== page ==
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  • North Central Rock Art

    Prayer Rock from SE North Dakota
    Posted by [SDhunter}

    This rock was found on a narrow but high ridge just north east of where I live in South Dakota. It was found on the same ridge as the "altar" that I posted a little while ago. You can see the hand prints on the edge of the rock. They are put there so that the hand fits in with palms facing up. Then there are some long marks in the center. The rock sits here outside of our museum now. I forget any more details. Just kind of cool to see.

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    Posted by [Makoken]
    You know what's interesting, while they look like (carved) palm prints, the thumbs face opposite if you were to put your hands on them. Maybe it is just an optical illusion?

    Posted by [rokhedred]
    Maybe they used it in weddings...one person on each side...maybe that explains the "palms up" positioning...just throwing a guess out there.

    Posted by [SDhunter]
    I knew that you guys wouldn't be satisfied with just a picture, so I went into the museum today, and got some more information, so here you go Greg and everyone else.

    According to Henry B. Collins, former acting director of the Smithsonian Institute Bureau of American Ethnology, the rock is a prehistoric Indian petroglyph, and some 4500 years old.

    The rock has two human hands, on opposite ends of the top, carved into it. On the bottom edge of the rock, is a sun disk with rays directed across the rock, resembling rays. You can see these ray's from my picture. Above and to the left of the sun disk is a sort of cross with two crossbars and a forked bottom on the vertical bar. On either side of the sun disk there is a smaller character which is difficult to read.

    The sun disk, with its radiating lines, resembles the foot print of a large bird, but is actually a sun dial, which marks the sun's shadow at sunset on the winter and summer solstices, the equinoxes, and three other dates. There is also a short line pointing north.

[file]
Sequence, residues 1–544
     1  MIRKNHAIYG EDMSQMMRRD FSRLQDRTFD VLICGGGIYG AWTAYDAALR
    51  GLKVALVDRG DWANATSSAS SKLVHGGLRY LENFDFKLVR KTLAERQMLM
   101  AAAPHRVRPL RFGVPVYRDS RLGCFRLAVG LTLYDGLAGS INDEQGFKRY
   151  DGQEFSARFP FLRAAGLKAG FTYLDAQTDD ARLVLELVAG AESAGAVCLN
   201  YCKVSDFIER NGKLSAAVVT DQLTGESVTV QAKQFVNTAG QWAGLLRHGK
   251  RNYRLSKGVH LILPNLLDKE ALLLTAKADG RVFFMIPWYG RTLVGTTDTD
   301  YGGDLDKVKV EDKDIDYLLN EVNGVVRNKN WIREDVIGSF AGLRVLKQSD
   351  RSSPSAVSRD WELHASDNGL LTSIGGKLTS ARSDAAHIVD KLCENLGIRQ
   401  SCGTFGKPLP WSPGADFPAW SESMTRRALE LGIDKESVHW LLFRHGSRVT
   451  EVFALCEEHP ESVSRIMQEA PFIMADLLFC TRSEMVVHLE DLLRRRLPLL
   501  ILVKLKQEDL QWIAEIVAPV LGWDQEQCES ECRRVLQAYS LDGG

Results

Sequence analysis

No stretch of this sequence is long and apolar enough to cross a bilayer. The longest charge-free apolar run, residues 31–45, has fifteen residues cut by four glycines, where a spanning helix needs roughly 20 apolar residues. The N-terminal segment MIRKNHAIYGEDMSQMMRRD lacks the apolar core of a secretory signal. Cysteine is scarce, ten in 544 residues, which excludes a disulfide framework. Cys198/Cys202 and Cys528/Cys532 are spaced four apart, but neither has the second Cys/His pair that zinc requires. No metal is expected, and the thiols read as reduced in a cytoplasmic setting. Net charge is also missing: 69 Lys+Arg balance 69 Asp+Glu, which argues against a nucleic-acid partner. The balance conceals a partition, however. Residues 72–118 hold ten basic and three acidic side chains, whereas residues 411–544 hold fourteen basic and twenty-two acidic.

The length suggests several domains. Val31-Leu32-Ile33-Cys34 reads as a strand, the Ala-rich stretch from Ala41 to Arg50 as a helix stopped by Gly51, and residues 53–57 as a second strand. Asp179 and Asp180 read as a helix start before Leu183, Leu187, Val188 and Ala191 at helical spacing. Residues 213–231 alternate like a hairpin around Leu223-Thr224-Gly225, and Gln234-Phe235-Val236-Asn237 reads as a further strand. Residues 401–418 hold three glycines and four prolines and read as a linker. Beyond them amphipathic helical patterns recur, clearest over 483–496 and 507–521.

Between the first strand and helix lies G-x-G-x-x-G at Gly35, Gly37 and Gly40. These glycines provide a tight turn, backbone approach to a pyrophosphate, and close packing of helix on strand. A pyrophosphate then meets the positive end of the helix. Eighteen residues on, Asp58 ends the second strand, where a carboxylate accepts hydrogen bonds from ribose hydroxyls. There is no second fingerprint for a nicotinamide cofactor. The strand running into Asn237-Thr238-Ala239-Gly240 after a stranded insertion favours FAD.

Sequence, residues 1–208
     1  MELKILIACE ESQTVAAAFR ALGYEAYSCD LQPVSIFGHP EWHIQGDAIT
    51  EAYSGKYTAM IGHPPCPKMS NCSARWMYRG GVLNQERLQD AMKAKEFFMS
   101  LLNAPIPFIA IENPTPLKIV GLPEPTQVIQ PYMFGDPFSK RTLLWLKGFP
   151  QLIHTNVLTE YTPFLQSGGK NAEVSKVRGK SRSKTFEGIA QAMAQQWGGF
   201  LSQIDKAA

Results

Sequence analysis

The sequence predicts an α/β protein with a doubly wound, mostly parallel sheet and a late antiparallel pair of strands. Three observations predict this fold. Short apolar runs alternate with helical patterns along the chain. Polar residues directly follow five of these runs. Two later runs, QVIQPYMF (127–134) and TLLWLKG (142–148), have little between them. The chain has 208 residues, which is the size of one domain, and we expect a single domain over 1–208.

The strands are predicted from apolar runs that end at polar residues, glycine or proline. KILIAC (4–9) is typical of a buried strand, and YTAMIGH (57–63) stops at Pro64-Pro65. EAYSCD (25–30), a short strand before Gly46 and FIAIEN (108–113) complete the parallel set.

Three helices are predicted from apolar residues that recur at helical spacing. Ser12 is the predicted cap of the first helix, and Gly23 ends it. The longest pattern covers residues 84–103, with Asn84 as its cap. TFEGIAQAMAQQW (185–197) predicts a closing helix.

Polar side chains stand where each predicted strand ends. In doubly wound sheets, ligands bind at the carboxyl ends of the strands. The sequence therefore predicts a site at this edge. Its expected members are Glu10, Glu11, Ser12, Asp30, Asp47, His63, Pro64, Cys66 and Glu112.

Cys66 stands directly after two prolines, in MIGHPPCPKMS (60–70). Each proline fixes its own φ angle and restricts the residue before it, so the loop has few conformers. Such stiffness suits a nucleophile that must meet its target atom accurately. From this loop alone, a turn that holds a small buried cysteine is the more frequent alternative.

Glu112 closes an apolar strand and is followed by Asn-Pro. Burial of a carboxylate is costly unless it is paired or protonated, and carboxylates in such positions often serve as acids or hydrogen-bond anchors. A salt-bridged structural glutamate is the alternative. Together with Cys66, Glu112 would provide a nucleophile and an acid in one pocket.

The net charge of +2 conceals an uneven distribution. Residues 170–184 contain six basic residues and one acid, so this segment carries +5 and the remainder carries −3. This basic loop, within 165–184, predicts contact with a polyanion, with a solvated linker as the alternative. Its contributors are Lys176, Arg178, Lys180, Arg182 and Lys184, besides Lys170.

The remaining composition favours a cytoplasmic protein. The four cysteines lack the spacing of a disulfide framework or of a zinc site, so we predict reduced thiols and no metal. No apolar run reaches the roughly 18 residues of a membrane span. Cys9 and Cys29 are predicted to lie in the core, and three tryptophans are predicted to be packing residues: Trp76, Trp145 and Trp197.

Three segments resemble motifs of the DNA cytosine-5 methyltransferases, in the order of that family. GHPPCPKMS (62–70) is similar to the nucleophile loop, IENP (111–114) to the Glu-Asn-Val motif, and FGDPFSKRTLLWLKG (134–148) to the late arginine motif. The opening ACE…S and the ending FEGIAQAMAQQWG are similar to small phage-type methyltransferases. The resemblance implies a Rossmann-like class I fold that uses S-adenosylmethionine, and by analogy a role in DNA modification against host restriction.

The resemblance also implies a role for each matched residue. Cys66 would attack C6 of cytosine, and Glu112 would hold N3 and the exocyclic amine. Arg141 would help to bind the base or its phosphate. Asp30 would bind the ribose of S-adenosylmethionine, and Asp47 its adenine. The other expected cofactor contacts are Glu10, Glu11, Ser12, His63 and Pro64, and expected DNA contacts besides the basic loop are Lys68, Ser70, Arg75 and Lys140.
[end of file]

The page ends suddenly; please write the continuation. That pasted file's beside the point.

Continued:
This rock has three characters that are identifiable. One, the double-barred cross, (which I can't find an explanation for) This was deeply inscribed. the other two characters, one on either side of the sun disk, are shallower but are readable with magnification.

    The original location was on a high ridge, known to the Indians as "Mountain-Head and to the Early French as "The Head of the Coteau Des Prairie." Prayer Rock has always been considered sacred to the Native Americans.

    To the best of our knowledge, the first written record of this rock was in the journals of Long and Keating in their expedition to the source of the Minnesota River in 1823.

    And to top it off, two times a year, the Lakota Sioux still come to this rock from the Sisseton Indian Reservation, and spend some time here, praying and having some kind of meeting, all in their Lakota language. That was news to me.

    Hope this answers some questions.
    Gary

    Posted by [gregszybala]
    Thanks Gary. Hate to make you make that drive. but appreciate it. I think we romanticize and take for granted the daily life of people before us, at least I do at times. Then along comes an artifact like this with the solstices correctly represented and whatever might be the significance of the other markings. Would love to know, graffiti, religious, scientific, informational, directional?

    Posted by [greywolf22]
    The long lines may be symbols are the rays of the sun. I have a large boulder on my place in Big Bend that has similar carvings.
    Jack

    Posted by [SDhunter]
    Greg, It was no problem, I drive by that rock probably 5 times a day. It is in my home town. I would also like to know what the rest means, but the curator only knew that much. I may have to find out from the Native Americans that come visit it. If I do learn more, I will repost.
    Gary
    I keep six honest serving-men (they taught me all I knew); Their names are What and Why and When and How and Where and Who.
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